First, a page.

In a book she wrote on conceptual art in 1964, Grapefruit, Yoko Ono encouraged the audience to watch the sun until it became square. At the Kochi-Muziris Biennale, a three-month art festival, the Japanese artist will urge the audience to listen to the sound of the earth turning on its axis. To tell them how to do it, Ono, the wife of John Lennon, will parcel postcards from the US that contain instructions. The Biennale, which starts on December 12 in Kochi, will feature reproductions from limited-edition postcards, printed in 1999, featuring the relevant piece from the book.
Her artwork will be part of works of 93 other prominent artists from 30 countries that will be displayed at various venues in Kochi — from the sea-facing Aspinwall House to historic waterfront warehouse Pepper House and 17th century Dutch bungalow David Hall, among others.
A large installation is expected to be unveiled by Indian-origin British artist Anish Kapoor at Aspinwall House, while French botanist Patrick Blanc is at the Veli Gardens in Kochi designing a vertical garden with native plants dedicated to Hortus Malabaricus, the 17th century treatise on plants of the Malabar. The winner of the prestigious Artes Mundi Prize, Chinese artist Xu Bing’s work will be inspired by a landscape painting by Xu Ben, an artist who lived during the rule of the Ming Dynasty. Artist NS Harsha, who won the Artes Mundi from India, will present an installation of an enigmatic sage-like monkey, pointing towards the mysteries of the universe.
Curator Jitish Kallat hopes to turn Kochi into an observation deck, from where artists will view the world. “The shores of Kochi were closely linked to the maritime chapter of the ‘Age of Discovery’. The maps changed rapidly in the 1500s with the arrival of navigators on the Malabar coast, seeking spices and riches. Within the revised geography were sharp turns in history, heralding an age of conquest, coercive trading and colonialism, animating the early processes of globalisation,” says Kallat. Invited to curate the second edition of the Biennale, the artist worked closely with co-founders Riyas Komu and Bose Krishnamachari and other artists who have been visiting the port town to finalise a venue appropriate for their work.
Though Kallat’s theme, “Whorled Explorations”, defines the broad gambit, each artist will bring his own interpretation. So Skoda Prize 2011 winner Navin Thomas’s installation Long Live the New Flesh will comprise two archery targets connected by an invisible, reverberating wave of sound, modelled on the idea of two lighthouses communicating with each other.
Raqs Media collective, on the other hand, will suspend a monitor speaking in Morse code, commonly used for communication by lighthouses, at the entrance of their installation Log Book Entry Before Storm. This will lead into a domestic space, once a single house cut into two by a concrete wall to accommodate two families. The artists’ collective has perforated the intervening wall and introduced the possibility of movement, with the aim of reintroducing circulation of air, light, sound, depth and ideas.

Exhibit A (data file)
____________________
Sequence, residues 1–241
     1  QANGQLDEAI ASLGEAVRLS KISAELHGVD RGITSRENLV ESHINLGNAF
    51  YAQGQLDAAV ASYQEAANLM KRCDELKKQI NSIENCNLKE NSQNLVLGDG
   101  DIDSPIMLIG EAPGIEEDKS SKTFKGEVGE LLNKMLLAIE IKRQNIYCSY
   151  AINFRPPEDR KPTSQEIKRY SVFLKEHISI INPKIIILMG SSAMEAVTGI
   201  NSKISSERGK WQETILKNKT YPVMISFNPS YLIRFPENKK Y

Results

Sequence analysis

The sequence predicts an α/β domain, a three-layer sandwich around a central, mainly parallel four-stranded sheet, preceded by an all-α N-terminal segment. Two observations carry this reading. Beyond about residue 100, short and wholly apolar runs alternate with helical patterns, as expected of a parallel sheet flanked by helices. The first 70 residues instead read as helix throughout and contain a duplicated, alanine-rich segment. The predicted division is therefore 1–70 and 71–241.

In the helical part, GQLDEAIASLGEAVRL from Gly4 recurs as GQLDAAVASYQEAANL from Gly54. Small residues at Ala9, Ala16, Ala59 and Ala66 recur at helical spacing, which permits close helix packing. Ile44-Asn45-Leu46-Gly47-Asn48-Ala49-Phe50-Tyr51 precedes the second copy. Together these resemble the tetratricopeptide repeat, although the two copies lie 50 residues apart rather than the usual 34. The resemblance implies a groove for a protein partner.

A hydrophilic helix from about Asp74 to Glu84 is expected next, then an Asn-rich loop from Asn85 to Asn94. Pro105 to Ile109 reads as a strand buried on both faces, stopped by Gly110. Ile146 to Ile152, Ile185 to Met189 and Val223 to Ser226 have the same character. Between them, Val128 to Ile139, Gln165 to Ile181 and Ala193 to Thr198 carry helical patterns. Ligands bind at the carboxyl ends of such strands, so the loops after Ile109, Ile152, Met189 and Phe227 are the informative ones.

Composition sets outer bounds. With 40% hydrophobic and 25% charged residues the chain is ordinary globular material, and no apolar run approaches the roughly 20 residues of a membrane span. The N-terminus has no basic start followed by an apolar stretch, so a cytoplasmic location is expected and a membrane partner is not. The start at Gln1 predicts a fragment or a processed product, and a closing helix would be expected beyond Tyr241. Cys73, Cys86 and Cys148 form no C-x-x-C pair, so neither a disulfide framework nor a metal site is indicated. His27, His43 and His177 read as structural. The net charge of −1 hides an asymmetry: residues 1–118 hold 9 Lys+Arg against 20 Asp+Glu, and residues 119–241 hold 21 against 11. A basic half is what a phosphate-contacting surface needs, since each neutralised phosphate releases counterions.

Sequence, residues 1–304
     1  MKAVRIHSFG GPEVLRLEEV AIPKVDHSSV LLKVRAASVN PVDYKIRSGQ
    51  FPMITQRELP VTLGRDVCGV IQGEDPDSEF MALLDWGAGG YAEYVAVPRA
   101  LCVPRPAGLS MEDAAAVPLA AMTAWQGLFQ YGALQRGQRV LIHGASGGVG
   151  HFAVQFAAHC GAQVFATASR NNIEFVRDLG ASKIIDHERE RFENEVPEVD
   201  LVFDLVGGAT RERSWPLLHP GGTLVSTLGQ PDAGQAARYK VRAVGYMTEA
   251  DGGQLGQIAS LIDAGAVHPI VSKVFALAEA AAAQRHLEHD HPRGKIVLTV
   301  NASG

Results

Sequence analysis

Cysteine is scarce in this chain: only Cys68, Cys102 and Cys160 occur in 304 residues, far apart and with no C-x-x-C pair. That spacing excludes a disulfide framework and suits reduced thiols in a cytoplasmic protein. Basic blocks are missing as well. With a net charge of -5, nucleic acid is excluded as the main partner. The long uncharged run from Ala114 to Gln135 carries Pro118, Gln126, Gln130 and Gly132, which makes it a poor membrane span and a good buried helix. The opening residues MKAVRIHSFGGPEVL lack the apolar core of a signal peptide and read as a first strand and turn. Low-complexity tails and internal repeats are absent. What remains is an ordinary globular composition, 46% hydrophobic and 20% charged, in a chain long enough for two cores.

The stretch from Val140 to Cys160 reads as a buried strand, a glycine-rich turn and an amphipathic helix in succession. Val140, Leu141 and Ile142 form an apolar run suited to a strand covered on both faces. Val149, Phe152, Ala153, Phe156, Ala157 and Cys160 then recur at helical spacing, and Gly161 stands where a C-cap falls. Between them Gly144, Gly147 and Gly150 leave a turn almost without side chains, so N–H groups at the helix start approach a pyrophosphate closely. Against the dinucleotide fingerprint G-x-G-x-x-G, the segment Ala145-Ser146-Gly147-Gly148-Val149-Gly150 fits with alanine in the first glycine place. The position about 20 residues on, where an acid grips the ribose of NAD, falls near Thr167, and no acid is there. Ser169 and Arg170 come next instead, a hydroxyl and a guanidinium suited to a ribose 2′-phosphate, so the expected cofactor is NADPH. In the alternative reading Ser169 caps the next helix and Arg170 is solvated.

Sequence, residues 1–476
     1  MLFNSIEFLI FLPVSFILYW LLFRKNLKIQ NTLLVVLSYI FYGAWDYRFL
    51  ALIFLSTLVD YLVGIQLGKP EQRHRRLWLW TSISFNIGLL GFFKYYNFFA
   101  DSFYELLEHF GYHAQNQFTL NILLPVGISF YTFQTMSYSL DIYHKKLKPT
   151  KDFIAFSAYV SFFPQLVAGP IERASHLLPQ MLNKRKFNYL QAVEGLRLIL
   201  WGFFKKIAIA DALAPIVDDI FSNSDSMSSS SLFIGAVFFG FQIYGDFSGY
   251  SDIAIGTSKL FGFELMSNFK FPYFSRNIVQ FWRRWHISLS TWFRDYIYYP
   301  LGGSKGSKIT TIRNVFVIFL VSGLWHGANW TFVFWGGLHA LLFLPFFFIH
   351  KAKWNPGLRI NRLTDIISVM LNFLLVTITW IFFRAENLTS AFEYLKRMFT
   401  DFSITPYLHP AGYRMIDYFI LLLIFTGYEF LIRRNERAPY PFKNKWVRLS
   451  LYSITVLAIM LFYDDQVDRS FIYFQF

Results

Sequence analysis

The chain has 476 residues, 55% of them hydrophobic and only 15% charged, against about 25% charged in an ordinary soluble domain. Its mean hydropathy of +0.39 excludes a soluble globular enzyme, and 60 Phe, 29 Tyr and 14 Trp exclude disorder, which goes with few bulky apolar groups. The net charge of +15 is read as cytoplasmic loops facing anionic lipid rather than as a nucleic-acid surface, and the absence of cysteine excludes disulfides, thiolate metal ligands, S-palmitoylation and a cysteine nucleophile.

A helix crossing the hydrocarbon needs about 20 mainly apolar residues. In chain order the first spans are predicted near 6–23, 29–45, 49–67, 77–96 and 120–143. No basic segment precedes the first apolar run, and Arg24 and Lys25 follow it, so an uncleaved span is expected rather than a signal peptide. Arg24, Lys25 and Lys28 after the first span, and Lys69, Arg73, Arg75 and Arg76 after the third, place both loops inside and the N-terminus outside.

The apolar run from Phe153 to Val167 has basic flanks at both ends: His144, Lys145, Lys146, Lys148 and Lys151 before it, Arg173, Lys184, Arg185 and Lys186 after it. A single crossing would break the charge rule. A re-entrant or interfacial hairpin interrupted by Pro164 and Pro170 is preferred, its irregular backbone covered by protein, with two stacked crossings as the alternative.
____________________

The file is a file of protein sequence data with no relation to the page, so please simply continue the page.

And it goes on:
There will be role-play too. Delhi-based artist Mithu Sen will appear as Mago, a seemingly homeless person who speaks gibberish, does not understand the concept of time and is in a state of transit between two unknown places. She went and stayed at a home for minor orphan girls and victims of sexual and emotional abuse in Kerala. She interacted with children, seeking to make herself the subject. The Biennale will feature a video and sound installation assembled from this experience. “This project seeks not only to locate communication outside the narrow alleys of comprehension, but also tries to envisage dialogue in a way that cannot be read, heard or understood,” says Sen.
The master of masquerade, Nikhil Chopra, will be ‘The Black Pearl’, both the ruler and the subject, monster and angel. Dressed in European clothes reminiscent of Portuguese explorers from the ‘Age of Discovery’, he will be imprisoned and shackled. He will peer out of the prison to observe the Periyar River through the periscope, drawing what he sees on the walls of his cell.
Mumbai-based artist Sahej Rahel spent months in Kochi, scouring it for objects that went into the creation of his installation Harbinger. Spread over a disused laboratory in Aspinwall House is an anchor, an ancient blade, astronomical devices, monoliths, visors, and sci-fi automations. “The promise of precision offered by the laboratory space is met with the possibility of a release where fiction and history collide,” says Rahel.
The sail isn’t smooth though. With an estimated budget of Rs 26 crore, there are concerns over the sustenance of the Biennale over 108 days. A crowd funding platform has been launched on online forum Catapoolt, to garner Rs 15 crore in 90 days. “We want to make it participatory, allow people to take ownership of it and feel proud about it,” says Komu. Perhaps, that will be “The Road of Hope” — borrowing from the title of Ono’s acclaimed 2011 installation.
The story appeared in print with the headline Down by the Shore